As Russia’s relentless attack on Ukraine continues, major companies continue to exit Russia. Some left almost fully and immediately, while others suspended operations or simply put new investment on hold. Most faced almost certain backlash from their consumers and employees elsewhere if they had stayed. The situation with Ukraine is probably one of the simpler calls for those organisations to make. Note I didn’t say easier: France’s Société Générale announced recently that they are selling their Russian unit Rosbank back to the Russian from the whom they bought it – at one-sixth the original purchase price. That’s estimated to be a 3-billion-euro loss. BP announced a few weeks ago its exit could cost as much as $25 billion USD. And yet, the calculus is simple, if steep. Staying in Russia is too high a public cost, whatever the hit to the balance sheet.
The question that organisations must now ask themselves is ‘what’s next?’.
For those organisations not directly impacted by the Russian invasion, this is hardly the time to breathe a sigh of relief. In fact, those leadership teams should be planning now for when such decisions arrive on their doorstep. I’m not suggesting that there will be another major conflict with a nuclear power and a NATO neighbor that shakes the world the way this one has. But what happens when the public (at least that influential sector of it on social media) start taking a closer look at countries in other regions? I don’t have to name specific locations: let it suffice to say there are places around the word with unstable regimes, human rights violations, intra-country conflicts. Historically (and perhaps unfortunately), those places have stayed below the radar of those not directly connected to them. But it’s possible – if not probable – that is going to change, and sooner rather than later.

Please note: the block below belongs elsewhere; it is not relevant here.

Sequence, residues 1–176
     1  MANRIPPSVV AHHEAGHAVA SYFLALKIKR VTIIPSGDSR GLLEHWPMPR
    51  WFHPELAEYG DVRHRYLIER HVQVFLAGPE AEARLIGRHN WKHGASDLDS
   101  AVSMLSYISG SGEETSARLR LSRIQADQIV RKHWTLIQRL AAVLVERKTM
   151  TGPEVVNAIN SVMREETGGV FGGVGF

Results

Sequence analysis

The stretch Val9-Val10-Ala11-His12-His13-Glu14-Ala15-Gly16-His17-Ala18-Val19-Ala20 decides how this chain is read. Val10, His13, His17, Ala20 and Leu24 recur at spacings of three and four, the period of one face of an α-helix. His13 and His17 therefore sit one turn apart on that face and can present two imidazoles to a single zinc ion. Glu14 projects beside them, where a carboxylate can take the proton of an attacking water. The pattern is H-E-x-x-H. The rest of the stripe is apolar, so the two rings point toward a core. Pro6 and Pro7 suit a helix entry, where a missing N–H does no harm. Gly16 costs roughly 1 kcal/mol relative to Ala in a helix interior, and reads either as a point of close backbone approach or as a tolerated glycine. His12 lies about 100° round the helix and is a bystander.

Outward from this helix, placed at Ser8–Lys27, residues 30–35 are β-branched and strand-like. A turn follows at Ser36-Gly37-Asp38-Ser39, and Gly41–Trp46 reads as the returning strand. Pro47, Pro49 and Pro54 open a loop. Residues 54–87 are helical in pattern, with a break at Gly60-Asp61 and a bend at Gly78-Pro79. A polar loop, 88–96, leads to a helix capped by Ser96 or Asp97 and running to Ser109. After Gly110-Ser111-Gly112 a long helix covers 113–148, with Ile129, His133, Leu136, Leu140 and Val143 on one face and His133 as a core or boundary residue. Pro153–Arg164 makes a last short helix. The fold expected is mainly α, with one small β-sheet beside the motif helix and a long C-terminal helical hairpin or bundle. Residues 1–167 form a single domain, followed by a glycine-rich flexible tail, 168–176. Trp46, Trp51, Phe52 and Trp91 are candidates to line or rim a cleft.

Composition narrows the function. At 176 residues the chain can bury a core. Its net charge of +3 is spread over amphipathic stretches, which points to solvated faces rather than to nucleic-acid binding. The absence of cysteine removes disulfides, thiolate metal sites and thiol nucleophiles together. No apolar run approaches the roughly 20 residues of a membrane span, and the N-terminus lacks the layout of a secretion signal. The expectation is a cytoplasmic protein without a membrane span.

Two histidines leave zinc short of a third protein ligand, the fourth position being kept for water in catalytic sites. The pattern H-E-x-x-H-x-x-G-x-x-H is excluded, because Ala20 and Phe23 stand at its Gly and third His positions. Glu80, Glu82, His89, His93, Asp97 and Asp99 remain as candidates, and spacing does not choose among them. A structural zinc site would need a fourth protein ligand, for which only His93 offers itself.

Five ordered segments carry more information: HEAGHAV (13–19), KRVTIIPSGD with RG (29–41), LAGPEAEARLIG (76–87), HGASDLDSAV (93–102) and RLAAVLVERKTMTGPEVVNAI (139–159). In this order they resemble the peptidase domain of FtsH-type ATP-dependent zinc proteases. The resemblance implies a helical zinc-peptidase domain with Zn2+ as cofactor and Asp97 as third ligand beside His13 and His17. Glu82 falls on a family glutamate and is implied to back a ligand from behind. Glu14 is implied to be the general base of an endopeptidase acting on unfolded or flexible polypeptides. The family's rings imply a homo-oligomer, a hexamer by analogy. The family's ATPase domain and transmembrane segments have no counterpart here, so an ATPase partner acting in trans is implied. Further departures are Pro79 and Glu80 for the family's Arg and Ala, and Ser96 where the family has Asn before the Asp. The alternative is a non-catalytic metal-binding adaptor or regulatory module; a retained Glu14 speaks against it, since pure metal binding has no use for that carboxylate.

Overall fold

A recent article from the Washington Post quoted one expert on the traditional position of organisations: ‘The purpose of a corporation is to produce a superior good or service at a fair price. When you get beyond that into tertiary areas, it affects the primary mission of the business itself because it’s naturally divisive anytime a CEO takes a stand. Inevitably you lose customers, you lose employees, or you anger investors.’
Historically, organisations gave political and social issues a wide berth publicly. It was often inappropriate or unorthodox to even offer personal views on such issues in the boardroom. But social media has changed what the public sees and given it a platform to say what it thinks about it. The inevitability of losing customers, employees or investors is no longer the price a corporation will pay for action in ‘tertiary areas,’ it is the cost of not acting at all.
Assume the social media spotlight is coming to a boardroom near you. Are you ready?
Time ticks faster now. In addition to the public’s changed perception of the role of corporate actors, there is the pace at which companies are required to act. While corporations are historically nimbler than governments, we must remember that individuals are more nimble than organisations. Today the public consumes real time information via social media. Most of